Background: The cost of liothyronine (T3) has significantly increased, possibly affecting prescription practices.
Methods: An online questionnaire was designed to assess current T3 use by UK endocrinologists and to determine whether the price increase resulted in a change in primary care prescription practices. Consultant grade members of the Society for Endocrinology Thyroid Network were invited to partake.
Results: Results were analysed from 50 consultant respondents; the majority (85%) were aware of the recent price increase in T3 and had received queries from GPs reluctant to prescribe T3 in the past month (82%); 73% had received patient queries. While most trusts (63%) had no restrictions in place for T3 prescription, almost half (44%) of CCGs provided guidance regarding restriction of T3 use to GPs.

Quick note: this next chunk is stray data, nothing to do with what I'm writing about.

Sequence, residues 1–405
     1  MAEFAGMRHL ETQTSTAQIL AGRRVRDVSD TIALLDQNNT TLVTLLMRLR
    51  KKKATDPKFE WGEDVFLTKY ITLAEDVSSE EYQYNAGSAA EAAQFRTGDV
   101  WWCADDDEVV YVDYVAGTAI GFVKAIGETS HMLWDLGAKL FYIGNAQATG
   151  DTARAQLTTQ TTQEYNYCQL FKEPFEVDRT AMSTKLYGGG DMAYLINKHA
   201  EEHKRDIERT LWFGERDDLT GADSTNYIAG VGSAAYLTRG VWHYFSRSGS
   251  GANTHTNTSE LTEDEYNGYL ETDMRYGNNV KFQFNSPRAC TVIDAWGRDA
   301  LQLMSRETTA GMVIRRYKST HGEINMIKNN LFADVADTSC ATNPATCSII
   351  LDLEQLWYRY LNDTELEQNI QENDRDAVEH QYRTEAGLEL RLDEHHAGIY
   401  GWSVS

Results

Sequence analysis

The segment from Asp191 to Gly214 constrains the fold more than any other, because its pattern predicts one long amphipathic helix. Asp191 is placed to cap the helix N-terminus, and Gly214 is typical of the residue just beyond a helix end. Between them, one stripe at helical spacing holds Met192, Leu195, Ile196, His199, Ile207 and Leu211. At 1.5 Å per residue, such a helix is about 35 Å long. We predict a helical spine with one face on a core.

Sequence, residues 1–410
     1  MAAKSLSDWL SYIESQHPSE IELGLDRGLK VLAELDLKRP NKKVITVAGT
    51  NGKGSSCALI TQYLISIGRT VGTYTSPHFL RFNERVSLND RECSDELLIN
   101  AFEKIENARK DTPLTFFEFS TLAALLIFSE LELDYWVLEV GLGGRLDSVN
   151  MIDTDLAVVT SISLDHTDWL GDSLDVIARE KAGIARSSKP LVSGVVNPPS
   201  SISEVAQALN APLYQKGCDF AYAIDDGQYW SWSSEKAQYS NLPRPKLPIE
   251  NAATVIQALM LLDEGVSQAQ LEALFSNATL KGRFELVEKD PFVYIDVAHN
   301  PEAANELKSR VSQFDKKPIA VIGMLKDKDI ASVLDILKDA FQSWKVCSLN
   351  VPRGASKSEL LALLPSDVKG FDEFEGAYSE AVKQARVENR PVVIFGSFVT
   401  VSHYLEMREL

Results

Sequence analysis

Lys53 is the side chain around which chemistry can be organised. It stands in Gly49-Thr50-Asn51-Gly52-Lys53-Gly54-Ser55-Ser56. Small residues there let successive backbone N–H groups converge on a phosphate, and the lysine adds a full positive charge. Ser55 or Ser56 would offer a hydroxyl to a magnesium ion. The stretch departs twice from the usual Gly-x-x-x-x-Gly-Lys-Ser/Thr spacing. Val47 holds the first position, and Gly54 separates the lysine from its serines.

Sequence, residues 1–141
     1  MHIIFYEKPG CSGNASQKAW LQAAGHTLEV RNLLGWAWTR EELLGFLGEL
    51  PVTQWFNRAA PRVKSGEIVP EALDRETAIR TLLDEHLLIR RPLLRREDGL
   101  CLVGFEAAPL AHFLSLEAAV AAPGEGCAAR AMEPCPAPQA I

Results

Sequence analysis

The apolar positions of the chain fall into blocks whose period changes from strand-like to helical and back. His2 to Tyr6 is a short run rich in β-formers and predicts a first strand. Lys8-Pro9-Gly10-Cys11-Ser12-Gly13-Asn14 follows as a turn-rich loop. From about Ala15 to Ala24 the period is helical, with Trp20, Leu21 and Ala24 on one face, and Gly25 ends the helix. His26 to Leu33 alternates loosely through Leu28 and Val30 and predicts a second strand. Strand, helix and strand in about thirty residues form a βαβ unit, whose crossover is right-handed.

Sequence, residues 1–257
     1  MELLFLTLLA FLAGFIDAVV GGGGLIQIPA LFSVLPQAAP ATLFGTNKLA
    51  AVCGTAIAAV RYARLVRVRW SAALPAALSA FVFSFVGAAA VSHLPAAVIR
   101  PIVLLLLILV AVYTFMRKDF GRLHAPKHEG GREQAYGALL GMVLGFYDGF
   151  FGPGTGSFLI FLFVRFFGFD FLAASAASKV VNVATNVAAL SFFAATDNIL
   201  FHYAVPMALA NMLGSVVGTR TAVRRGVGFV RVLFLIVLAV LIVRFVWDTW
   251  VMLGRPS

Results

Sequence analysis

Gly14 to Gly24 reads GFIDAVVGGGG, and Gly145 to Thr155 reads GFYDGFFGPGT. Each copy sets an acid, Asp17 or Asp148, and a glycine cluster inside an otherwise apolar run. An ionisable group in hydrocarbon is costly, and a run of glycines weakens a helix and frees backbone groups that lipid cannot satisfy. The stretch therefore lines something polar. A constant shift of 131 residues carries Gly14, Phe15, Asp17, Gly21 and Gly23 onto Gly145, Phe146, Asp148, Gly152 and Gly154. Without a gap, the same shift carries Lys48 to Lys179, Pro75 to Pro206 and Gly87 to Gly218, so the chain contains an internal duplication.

The majority (82%) found the BTA guidance on T3 use helpful, with most (61%) welcoming further advice.
T3 was prescribed by the majority (73%) of respondents, but very infrequently (84%; <1 patient/month) and mostly due to patient request. Respondents indicated that very few (<5%) patients attending clinic were treated with T3 alone (98%). Only 9% used thyroid extract. Most respondents (57%) are equally likely to use T3 compared with 2 years ago.
Conclusions: T3 is used by the majority of UK consultant endocrinologists to treat hypothyroidism, but very infrequently. Price changes in T3 have raised GP reluctance to prescribe T3, resulting in increased secondary care involvement. Current guidance from the BTA regarding T3 use is well regarded, but further advice given the price changes would be welcomed.